*2 “ ‘ Dzwonkowski v. Sonitrol of Mobile, Inc., 892 So.2d 354, 363 (Ala.2004).’
“In considering whether a trial court has exceeded its discretion in determining that there is no just reason for delay in entering a judgment, this Court has considered whether ‘the issues in the claim being certified and a claim that will remain pending in the trial court “ ‘are so closely intertwined that separate adjudication would pose an unreasonable risk of inconsistent results .” ” Schlarb [v. Lee,] 955 So.2d [418,] 419–20 [ (Ala.2006) ] (quoting Clarke–Mobile Counties Gas Dist. v. Prior Energy Corp., 834 So.2d 88, 95 (Ala.2002), quoting in turn Branch v. SouthTrust Bank of Dothan, N.A., 514 So.2d 1373, 1374 (Ala.1987), and concluding that conversion and fraud claims were too intertwined with a pending breach-of-contract claim for Rule 54(b) certification when the propositions on which the appellant relied to support the claims were identical). See also Centennial Assocs.[ v. Guthrie,] 20 So.3d [1277,] 1281 [ (Ala.2009) ] (concluding that claims against an attorney certified as final under Rule 54(b) were too closely intertwined with pending claims against other defendants when the pending claims required ‘resolution of the same issue’ as issue pending on appeal); and Howard v. Allstate Ins. Co., 9 So.3d 1213, 1215 (Ala.2008)(concluding that the judgments on the claims against certain of the defendants had been improperly certified as final under Rule 54(b) because the pending claims against the remaining defendants depended upon the resolution of common issues).”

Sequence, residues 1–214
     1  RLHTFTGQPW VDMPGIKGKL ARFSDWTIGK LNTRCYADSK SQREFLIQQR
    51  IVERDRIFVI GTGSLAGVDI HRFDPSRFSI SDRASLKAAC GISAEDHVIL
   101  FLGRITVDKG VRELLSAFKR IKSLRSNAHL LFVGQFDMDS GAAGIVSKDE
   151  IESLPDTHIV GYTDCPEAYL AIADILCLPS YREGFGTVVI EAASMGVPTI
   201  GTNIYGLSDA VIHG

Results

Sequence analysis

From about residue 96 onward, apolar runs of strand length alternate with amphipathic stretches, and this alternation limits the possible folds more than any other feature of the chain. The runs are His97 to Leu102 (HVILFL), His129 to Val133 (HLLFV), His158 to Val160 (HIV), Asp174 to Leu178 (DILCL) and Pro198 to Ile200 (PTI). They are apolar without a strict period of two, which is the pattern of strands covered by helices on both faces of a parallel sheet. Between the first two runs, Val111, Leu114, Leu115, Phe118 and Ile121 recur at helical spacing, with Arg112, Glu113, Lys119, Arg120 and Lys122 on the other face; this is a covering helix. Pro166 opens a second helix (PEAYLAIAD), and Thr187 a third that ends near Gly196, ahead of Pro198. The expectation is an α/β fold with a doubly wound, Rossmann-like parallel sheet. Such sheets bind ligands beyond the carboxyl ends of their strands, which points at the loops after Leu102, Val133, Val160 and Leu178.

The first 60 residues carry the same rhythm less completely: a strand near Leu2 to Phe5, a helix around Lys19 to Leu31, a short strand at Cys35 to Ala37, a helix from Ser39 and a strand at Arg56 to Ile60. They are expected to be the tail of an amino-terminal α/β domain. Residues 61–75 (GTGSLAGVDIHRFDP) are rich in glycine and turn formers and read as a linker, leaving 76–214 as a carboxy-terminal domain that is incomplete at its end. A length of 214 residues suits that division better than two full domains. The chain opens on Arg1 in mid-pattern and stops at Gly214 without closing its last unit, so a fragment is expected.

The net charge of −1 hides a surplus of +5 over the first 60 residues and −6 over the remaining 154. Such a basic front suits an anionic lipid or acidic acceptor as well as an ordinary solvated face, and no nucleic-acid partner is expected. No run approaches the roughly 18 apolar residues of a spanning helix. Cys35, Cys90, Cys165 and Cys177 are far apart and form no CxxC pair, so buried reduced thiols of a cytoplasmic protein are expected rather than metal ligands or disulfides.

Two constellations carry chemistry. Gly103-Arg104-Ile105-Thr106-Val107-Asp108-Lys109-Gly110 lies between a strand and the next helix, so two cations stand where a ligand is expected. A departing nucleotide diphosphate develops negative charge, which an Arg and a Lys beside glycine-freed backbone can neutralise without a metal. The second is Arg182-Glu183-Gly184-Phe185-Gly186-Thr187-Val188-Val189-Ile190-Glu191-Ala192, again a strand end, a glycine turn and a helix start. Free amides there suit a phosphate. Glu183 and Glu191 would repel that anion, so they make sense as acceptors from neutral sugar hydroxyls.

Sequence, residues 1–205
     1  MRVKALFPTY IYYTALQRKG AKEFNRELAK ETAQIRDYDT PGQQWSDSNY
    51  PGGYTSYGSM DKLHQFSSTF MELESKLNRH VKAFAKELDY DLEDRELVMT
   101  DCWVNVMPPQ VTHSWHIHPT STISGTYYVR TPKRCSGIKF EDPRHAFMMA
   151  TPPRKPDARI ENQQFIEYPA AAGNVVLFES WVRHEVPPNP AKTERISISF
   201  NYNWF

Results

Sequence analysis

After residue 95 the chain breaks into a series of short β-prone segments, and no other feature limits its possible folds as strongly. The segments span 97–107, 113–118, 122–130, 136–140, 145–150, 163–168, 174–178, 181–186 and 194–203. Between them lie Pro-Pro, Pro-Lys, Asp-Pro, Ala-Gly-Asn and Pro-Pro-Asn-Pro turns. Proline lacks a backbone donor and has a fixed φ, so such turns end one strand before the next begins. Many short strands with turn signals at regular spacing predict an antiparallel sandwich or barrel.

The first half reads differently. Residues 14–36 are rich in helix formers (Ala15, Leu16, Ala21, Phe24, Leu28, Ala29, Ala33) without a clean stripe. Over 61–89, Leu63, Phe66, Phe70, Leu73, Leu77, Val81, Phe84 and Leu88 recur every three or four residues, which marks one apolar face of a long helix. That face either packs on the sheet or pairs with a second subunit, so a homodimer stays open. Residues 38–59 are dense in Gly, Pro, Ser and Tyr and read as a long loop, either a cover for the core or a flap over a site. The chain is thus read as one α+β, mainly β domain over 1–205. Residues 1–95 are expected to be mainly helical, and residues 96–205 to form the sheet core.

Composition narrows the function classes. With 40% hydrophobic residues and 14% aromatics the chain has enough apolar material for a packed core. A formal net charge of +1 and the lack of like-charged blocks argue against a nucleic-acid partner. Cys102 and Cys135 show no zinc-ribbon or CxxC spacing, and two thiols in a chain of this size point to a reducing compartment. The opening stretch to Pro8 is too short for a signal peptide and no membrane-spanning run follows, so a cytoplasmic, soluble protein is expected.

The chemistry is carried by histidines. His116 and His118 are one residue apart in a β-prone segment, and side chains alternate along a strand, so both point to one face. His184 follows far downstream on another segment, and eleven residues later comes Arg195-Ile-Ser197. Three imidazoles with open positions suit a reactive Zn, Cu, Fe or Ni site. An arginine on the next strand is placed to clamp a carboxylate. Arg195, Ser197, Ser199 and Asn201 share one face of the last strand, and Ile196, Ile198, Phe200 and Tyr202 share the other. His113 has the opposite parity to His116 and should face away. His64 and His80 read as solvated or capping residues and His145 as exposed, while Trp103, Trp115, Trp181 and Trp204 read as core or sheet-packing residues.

Lighting Fair, Inc. v. Rosenberg, 63 So.3d 1256, 1263–64 (Ala.2010).
Moreover, the claims alleging that “Fleetwood negligently and/or wantonly hired, trained, and/or supervised” Young also preclude proper Rule 54(b) certification. Those claims, like the negligent-entrustment claim, all depend in part on Young’s incompetency as a driver. See Jones Exp., Inc. v. Jackson, [Ms. 1070066, Sept. 24, 2010] ––– So.3d ––––, –––– (Ala.2010) (“[I]mplicit in the tort of negligent hiring, retention, training, and supervision is the concept that, as a consequence of the employee’s incompetence, the employee committed some sort of act, wrongdoing, or tort that caused the plaintiff’s injury.”).
Accordingly, we conclude that the trial court exceeded its discretion in certifying its partial summary judgment on the negligent-entrustment claim as final under Rule 54(b). Because there is no final judgment, we must dismiss the appeal. Lighting Fair.
THOMPSON, P.J., and PITTMAN, THOMAS, and MOORE, JJ., concur.
FN1. Rule 54(b) provides, in pertinent part:
“When more than one claim for relief is presented in an action, whether as a claim, counterclaim, cross-claim, or third-party claim, or when multiple parties are involved, the court may direct the entry of a final judgment as to one or more but fewer than all of the claims or parties only upon an express determination that there is no just reason for delay and upon an express direction for the entry of judgment.”